Professor Ellen van Wolde, a respected Old Testament scholar and author, claims the first sentence of Genesis "in the beginning God created the Heaven and the Earth" is not a true translation of the Hebrew.
She claims she has carried out fresh textual analysis that suggests the writers of the great book never intended to suggest that God created the world and in fact the Earth was already there when he created humans and animals.
Prof Van Wolde, 54, who will present a thesis on the subject at Radboud University in The Netherlands where she studies, said she had re-analysed the original Hebrew text and placed it in the context of the Bible as a whole, and in the context of other creation stories from ancient Mesopotamia.
She said she eventually concluded the Hebrew verb "bara", which is used in the first sentence of the book of Genesis, does not mean "to create" but to "spatially separate".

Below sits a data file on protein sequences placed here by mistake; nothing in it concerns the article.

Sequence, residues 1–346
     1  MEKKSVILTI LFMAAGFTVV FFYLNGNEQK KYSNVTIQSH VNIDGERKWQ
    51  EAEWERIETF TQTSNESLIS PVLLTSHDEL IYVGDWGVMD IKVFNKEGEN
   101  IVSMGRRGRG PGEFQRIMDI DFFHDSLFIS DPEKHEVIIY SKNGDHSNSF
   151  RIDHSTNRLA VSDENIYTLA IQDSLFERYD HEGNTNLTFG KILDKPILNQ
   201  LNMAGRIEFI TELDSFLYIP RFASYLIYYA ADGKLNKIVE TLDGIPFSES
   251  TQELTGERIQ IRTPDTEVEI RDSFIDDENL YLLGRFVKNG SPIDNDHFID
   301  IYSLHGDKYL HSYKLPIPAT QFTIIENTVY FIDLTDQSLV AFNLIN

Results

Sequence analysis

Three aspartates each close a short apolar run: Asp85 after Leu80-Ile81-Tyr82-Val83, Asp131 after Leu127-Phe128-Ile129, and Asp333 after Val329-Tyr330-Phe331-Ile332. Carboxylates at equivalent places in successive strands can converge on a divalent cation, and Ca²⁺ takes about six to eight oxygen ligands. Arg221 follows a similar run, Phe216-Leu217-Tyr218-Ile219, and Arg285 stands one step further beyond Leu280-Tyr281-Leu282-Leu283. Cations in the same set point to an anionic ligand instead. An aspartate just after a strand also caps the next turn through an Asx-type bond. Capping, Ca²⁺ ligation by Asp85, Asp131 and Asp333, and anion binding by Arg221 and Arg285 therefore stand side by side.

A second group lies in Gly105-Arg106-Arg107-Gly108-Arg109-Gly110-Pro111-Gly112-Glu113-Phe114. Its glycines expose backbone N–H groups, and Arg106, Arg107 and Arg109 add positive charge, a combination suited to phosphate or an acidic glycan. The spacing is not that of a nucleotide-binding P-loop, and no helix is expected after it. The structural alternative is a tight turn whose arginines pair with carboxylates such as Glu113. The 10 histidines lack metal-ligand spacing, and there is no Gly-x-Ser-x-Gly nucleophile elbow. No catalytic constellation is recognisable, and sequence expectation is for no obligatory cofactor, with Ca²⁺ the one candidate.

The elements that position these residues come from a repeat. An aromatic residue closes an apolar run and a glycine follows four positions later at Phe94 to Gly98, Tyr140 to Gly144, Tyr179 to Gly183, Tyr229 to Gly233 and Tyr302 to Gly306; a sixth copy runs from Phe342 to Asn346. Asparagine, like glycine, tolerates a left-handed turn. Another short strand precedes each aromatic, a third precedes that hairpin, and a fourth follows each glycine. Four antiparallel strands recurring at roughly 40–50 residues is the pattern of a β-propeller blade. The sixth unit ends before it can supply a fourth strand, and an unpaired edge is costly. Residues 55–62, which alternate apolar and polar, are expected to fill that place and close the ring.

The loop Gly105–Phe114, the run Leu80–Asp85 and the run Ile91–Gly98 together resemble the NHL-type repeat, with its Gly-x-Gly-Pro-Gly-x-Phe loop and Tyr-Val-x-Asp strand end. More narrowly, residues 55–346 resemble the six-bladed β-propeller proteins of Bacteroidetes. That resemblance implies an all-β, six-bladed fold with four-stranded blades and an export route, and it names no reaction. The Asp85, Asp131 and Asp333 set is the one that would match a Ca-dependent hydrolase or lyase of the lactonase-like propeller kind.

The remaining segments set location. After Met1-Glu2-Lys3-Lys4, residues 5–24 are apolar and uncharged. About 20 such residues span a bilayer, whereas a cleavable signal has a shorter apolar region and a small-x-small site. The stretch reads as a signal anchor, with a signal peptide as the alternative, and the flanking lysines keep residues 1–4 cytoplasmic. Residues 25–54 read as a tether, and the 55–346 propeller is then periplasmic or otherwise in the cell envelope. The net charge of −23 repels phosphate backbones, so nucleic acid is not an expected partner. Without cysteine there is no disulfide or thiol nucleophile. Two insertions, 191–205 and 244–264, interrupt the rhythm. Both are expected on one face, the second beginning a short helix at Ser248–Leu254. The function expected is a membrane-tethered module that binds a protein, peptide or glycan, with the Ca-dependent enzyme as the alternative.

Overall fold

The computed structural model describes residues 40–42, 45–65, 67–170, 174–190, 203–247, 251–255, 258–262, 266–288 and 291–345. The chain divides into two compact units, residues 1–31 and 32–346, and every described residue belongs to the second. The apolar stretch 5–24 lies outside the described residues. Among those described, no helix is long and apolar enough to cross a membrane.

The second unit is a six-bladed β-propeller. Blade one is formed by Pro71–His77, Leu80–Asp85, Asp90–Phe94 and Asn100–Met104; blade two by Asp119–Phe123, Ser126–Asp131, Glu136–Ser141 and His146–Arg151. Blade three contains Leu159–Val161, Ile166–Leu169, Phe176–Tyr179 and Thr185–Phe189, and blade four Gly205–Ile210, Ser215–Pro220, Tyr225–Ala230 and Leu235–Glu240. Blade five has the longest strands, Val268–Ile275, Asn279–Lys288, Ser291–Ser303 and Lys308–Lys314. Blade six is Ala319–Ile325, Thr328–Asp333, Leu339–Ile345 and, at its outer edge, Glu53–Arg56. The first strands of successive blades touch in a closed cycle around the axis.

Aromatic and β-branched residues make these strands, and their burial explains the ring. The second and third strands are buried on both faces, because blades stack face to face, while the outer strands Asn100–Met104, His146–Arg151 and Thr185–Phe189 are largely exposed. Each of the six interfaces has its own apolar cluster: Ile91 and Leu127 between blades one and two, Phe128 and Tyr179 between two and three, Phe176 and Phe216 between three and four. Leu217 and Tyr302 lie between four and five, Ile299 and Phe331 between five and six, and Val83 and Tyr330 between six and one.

The first sentence should now read "in the beginning God separated the Heaven and the Earth"
According to Judeo-Christian tradition, God created the Earth out of nothing.
Prof Van Wolde, who once worked with the Italian academic and novelist Umberto Eco, said her new analysis showed that the beginning of the Bible was not the beginning of time, but the beginning of a narration.
She said: "It meant to say that God did create humans and animals, but not the Earth itself."
She writes in her thesis that the new translation fits in with ancient texts.
According to them there used to be an enormous body of water in which monsters were living, covered in darkness, she said.
She said technically "bara" does mean "create" but added: "Something was wrong with the verb.
"God was the subject (God created), followed by two or more objects. Why did God not create just one thing or animal, but always more?"
She concluded that God did not create, he separated: the Earth from the Heaven, the land from the sea, the sea monsters from the birds and the swarming at the ground.
"There was already water," she said.